With my driver this weekend, I closed my stance (rotated body alignment right of the target) and closed the clubface a bit (left of swing path). This resulted in a drastic reduction of my slice and even a couple of pull draws. It seemed like a bandaid fix to a bigger issue. 

 

As suggested above. I believe there are bigger issues with my swing -  perhaps the lack of fundamentals such as weight forward. flat left wrist at impact, proper swing plane, etc. I will be getting the 5SK discs in a couple of weeks. Hopefully, my swing mechanics will improve and this will no longer be an impossible task.

Been there, it's frustrating. 

 

Sometimes I like to consider one part of my game to be where I want it, then try and polish up absolutely everything else in one long practice session, or pick a club or ball flight I can't remotely hit and decide to master it that day.

 

Well, that's not a patient strategy. No one has the ability to simply take on changing their whole game at once. Even though I am willing to practice until I'm spent just about every day, and have talent, and a pretty good knowledge of the swing, I got stuck on a wild goose chase over 10 different aspects of my game. Better to focus on one single thing at a time, even if that's just path or setup or face control. Sometimes I'll be working on one thing and end up subconsciously adding power or a trajectory change and mess up everything.

 

Working strictly on a drill for an in to out path can mean you still succeed if you whiff entirely, or don't hit it solid, or hit it off the range. It's easy to get frustrated, because you're not hitting good shots. But if you are really trying to ingrain that one aspect of your swing, you are still making progress. Results sometimes take years, like Tiger's swing change under Foley. He had all the resources, talent, and instruction in the world behind him and still played like a scrub for a good while. And he was already decent when he started. He wanted to get better and was willing to pick apart his game entirely.

 

Personally, drawing the ball is a combination of setup and my backswing for me. If I make a proper setup, even though it sometimes feels odd (when I'm having an off day and have no clue what I'm doing), I hit 70% of my shots acceptably solid just from that. If I don't set up properly, nothing else matters and it's just a question of how bad the miss is going to be. My downswing is not conscious, all I focus on is how aggressively I want to hit and where the little white ball is.

 

Mostly the setup problem I have is making sure I have enough space between myself and the ball. I've had to step through my shot ala Gary Player if I overdo this, but it seems like every time I do it's a good shot.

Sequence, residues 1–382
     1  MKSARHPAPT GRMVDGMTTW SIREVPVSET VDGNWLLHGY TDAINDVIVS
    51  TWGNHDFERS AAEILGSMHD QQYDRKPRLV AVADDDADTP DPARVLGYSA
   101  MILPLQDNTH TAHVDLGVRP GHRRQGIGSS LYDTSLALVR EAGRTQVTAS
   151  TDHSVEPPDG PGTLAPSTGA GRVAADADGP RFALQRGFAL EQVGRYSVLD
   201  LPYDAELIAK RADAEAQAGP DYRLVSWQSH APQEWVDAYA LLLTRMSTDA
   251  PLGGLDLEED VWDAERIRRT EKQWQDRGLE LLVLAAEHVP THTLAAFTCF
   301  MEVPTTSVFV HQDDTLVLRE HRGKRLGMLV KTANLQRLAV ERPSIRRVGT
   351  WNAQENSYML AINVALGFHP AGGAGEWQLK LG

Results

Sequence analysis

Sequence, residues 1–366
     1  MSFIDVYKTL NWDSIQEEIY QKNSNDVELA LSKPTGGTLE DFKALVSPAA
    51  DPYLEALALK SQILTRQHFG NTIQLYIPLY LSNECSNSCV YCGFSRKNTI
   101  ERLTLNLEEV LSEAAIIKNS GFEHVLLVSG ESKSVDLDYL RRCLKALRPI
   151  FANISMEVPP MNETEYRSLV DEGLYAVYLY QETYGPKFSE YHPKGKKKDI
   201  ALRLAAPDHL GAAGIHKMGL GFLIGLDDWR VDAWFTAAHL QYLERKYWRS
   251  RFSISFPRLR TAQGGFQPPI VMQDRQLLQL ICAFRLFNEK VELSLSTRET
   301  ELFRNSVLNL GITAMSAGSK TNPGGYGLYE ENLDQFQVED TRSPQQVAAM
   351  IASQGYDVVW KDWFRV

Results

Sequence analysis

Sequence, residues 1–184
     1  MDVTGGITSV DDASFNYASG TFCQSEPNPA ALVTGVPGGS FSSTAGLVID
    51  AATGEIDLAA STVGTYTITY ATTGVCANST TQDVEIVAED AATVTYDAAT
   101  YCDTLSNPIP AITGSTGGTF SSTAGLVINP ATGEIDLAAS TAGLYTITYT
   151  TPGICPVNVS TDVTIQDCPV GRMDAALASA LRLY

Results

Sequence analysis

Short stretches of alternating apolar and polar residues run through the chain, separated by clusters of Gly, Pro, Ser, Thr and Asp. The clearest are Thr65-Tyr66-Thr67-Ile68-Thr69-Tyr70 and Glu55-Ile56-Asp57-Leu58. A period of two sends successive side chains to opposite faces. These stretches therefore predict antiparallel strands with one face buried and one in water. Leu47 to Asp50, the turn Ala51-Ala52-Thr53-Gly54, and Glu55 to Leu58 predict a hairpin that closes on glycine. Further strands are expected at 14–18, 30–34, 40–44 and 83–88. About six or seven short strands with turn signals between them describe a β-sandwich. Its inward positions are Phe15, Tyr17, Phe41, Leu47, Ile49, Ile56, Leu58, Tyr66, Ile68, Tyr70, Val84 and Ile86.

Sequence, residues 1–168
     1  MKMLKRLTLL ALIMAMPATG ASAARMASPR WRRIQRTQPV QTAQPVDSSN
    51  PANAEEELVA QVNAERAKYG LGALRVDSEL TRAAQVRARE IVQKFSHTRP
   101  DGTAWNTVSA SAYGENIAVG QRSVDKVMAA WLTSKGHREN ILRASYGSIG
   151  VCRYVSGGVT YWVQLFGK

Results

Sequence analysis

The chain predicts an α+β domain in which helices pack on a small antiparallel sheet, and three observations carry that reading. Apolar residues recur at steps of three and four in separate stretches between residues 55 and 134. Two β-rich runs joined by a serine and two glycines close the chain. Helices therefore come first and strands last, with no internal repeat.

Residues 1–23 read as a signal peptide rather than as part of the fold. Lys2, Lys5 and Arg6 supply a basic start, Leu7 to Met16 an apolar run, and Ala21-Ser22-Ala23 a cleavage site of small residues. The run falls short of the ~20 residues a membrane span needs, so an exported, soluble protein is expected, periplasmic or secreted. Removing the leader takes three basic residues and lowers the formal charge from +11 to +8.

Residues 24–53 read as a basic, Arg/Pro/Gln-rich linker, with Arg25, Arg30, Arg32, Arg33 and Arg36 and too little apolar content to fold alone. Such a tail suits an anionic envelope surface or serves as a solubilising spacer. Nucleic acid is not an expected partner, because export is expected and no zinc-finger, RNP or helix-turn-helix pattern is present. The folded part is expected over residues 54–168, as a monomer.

As for the backswing, the main mistake I make is getting my body, especially my hips, between my hands/arms and their spot at impact and end up getting stuck on the downswing. If everything's out of the way you can just deliver the club, if there's something in the way you need to reroute or change your timing to get through the shot. You want the most efficient path possible with extension for more leverage, and you'll maximize your speed and keep your alignments solid. It doesn't require much of an in to out path to achieve the desired effect.

 

So I'm not an instructor but there's a few things to think about. I can't guarantee if they'll work for you, but the 5SK program should help if you stick with it, as will posting your swing on this site.

post #27 of 73
Quote:
Originally Posted by cipher View Post

Sure, but the diagram is relative to body lines and not a specific target. That is why I say you can aim left, start a ball along your body lines and fade it with and inside out swing. It is just not correct to say that any ball that starts left of the the target and fades is an outside in path. Making sense?

No, the diagram is relative to where you were initially aiming with the club face. As I said before body position is irrelevant to ball flight. The body does not make contact with the ball only the club does. The position of the body is only changed to facilitate the change in swing path. If you aim left of the flag with the club face then you are in reality hitting to a target left of your true target.
post #28 of 73
Yes, sorry, I thought you might be by now lol.

Simply you can slice it with an inside out path but this is really a push slice which is actually worse unfortunately. It can especially occur when trying to draw the ball resulting in a dreaded double cross. This happens when you don't roll your hands over enough just before impact
post #29 of 73

To the OP, Lee Trevino played a push fade and simply aimed way left to adjust.  For most of us this will not result in the longest shot, but it worked for him.  If you are really consistent and happy with your distance, you could give it a try.  

Quote:
Originally Posted by norrisedgar View Post

Look I think we are just confusing semantics. A genuine slice doesn't start right of target a slice that starts right of target is a push slice.

As you say cipher a push slice is caused by an in to out swing. The diagram 'everythinggolf' posted is spot on. That explains everything perfectly